It was decided to publish census indexing work in book form so that it was available to a wider audience. The first one was published in 1994.

The 1891 census index was not the first book published by the society. The first publication was in 1991 when Family History in Jersey was published. The book gave the beginner useful guides on researching in Jersey. The de Gruchys of Jersey was the next publication, which later had a pamphlet of amendments, and a second revised edition. 1992 saw the publication of Eye on the Past Yearbook covering historical events in Jersey. A second similar book was later published, as well as one about Guernsey. These were followed by Did your ancestors sign the Jersey Oath of Association Roll of 1696?, the 1851 Census of Jersey, the Le Quesnes of Jersey, the 1871 Census of Jersey and the 1901 Census of Jersey.

The Jersey branch and the Channel Islands Family History Society became one society in 2003 and a new constitution accepted. A good rapport was established with Alderney where the late Peggy Wilson helped with research; latterly Eileen Mignot has helped out.

The membership grew steadily over the first 20 years. New members are still joining the society. Some have been members since the society's inauguration. Some people only join for a short while as they may only have a passing connection with the Channel Islands.

The society has held several successful exhibitions over the years. The first was at Les Freres Chapel in 1981. Various parish halls were then used as venues and relevant information on that particular parish was often available. Two particular exhibitions stand out as being particularly successful. 1995 saw an exhibition at La Société Jersiaise to celebrate the island's 50th anniversary of the Liberation. In 2000 a Millennium Fair was held at Highlands College with exhibits, research facilities, family trees and guest speakers. Another was held at Trinity Parish Hall to celebrate the society's 25th anniversary.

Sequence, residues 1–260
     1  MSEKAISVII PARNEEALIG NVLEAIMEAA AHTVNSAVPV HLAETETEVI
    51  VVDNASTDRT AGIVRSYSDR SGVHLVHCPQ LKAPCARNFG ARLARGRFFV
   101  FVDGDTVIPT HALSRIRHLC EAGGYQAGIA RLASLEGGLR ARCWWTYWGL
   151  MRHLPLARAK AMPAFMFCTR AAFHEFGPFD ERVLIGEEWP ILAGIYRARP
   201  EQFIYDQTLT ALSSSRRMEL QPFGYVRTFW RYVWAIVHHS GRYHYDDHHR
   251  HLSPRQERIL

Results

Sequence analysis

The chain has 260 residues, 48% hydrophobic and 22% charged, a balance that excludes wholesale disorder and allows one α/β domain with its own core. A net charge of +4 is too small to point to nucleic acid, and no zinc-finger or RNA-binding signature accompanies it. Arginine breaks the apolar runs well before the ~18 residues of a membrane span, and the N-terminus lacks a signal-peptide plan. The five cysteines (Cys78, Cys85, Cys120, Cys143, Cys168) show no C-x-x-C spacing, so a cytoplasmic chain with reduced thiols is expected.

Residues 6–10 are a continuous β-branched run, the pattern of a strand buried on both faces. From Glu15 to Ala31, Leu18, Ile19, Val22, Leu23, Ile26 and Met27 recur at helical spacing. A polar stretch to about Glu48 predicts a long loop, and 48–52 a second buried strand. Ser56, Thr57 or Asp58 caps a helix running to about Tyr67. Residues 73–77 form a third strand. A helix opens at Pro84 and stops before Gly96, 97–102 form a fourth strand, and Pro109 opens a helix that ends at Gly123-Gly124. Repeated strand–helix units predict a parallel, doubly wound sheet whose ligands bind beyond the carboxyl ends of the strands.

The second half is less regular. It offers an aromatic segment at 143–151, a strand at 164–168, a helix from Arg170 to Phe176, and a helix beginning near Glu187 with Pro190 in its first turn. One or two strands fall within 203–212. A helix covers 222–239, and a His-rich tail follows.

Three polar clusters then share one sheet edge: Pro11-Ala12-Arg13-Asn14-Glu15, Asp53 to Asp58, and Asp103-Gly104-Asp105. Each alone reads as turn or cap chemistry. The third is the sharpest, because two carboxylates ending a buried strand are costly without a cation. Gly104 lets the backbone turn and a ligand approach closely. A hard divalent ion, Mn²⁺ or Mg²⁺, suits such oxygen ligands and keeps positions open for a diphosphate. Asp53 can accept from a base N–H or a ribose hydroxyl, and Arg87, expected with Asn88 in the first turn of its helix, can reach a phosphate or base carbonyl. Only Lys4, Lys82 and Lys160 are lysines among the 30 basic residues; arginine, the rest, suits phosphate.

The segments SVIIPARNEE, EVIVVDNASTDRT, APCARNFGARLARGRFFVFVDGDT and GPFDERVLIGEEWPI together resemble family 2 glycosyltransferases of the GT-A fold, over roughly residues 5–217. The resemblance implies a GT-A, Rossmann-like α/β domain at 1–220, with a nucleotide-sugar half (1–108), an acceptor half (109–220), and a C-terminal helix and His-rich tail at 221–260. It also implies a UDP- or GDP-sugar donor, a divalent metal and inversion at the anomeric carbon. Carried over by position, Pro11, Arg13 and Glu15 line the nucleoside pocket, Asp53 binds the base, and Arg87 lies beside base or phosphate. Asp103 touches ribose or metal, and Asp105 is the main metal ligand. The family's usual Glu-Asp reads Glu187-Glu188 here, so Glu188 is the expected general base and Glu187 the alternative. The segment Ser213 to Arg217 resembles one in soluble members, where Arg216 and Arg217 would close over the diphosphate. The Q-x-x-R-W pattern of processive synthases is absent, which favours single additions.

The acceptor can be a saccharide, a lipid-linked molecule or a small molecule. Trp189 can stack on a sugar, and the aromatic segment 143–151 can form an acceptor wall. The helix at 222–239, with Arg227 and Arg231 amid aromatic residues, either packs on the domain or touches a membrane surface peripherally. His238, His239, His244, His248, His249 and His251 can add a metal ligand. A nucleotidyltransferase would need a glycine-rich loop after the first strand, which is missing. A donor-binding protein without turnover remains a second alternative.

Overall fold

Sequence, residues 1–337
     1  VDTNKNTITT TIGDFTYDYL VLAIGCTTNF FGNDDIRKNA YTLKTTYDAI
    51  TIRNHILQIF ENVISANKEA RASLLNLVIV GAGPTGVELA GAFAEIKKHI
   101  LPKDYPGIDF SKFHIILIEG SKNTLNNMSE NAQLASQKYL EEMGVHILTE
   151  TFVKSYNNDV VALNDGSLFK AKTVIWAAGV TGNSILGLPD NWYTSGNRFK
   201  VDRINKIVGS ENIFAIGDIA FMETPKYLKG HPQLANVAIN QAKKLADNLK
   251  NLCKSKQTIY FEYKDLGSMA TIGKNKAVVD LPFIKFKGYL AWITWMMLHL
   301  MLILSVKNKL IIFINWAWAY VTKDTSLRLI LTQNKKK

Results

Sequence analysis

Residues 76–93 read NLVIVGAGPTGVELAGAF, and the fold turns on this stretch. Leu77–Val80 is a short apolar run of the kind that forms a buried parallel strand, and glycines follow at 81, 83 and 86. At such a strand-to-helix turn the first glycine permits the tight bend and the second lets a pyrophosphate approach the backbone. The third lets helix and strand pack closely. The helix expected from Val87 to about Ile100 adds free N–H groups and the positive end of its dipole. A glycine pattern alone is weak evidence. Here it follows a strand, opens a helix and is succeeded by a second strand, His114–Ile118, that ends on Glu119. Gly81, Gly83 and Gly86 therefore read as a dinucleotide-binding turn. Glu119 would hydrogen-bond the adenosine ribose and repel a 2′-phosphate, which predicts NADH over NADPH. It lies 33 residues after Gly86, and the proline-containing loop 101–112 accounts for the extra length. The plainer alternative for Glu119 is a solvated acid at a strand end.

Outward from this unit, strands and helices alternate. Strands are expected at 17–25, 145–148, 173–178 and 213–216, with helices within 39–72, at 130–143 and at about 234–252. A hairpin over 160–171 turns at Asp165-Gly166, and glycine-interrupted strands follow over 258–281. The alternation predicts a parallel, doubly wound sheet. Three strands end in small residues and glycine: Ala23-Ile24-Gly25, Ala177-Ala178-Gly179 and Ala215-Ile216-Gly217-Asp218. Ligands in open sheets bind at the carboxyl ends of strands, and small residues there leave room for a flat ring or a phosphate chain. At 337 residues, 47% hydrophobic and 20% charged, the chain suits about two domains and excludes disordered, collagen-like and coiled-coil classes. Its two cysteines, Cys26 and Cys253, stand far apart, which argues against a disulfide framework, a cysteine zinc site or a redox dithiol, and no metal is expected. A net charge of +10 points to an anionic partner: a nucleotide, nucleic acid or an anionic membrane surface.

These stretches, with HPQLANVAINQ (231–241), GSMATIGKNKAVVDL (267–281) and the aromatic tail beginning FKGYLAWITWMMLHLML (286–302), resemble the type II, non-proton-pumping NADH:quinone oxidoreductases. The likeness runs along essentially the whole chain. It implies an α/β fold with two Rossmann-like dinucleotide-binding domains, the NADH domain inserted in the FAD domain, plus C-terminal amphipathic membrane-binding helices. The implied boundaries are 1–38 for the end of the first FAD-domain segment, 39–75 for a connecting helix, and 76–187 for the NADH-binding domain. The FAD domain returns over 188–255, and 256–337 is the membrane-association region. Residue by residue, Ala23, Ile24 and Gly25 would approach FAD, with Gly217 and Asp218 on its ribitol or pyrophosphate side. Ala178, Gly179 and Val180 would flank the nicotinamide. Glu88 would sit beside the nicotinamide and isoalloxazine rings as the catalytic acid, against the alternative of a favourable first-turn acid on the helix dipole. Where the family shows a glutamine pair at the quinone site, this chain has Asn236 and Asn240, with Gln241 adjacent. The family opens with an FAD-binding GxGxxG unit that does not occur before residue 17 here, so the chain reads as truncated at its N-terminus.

Jersey Archive

The original article in the Jersey Evening Post about the formation of the society called for the States of Jersey to preserve all their relevant records. A past president of the society, Henry Coutanche, sat in the States as a Deputy and was a prime mover to establish an archive. In July 2000 Jersey Archive was officially opened in Clarence Road. The society now have their collection of records in this building and provide a volunteer service during opening hours to help people with their reseach.

The society is represented on a local family history forum, which meets about twice a year. This body endeavours to encourage liaison between the CIFHS, La Société Jersiaise, Jersey Library and the office of the Superintendent Registrar. A leaflet is produced by the group to show facilities available, useful addresses etc. It also tries to make sure that research is not duplicated.

The society joined the Federation of Family History Societies early on in its life. One of the vice-presidents, Colin Chapman, has visited on several occasions. The federation endeavours to help with any problems that a society may encounter. At one stage we exchanged journals with many of the member societies to help local residents with any research they may have had on the mainland. This was eventually discontinued due to lack of use and also storage problems.

Life members

A recent idea has been to honour particular members with life membership. This was in recognition of work done or services rendered. The first three life members were Walter Le Quesne, Estelle Egglishaw and Tertious Hutt. Later Mr and Mrs Michael Vautier were honoured in this way. More recently these members have been acknowledged: Yvonne Le Riche, Henry Coutanche, Sue Payn, Mr and Mrs Doreen Bisson and Margaret Long.

Personal tools
other Channel Islands
contact and contributions
Donate

Please support Jerripedia with a donation to our hosting costs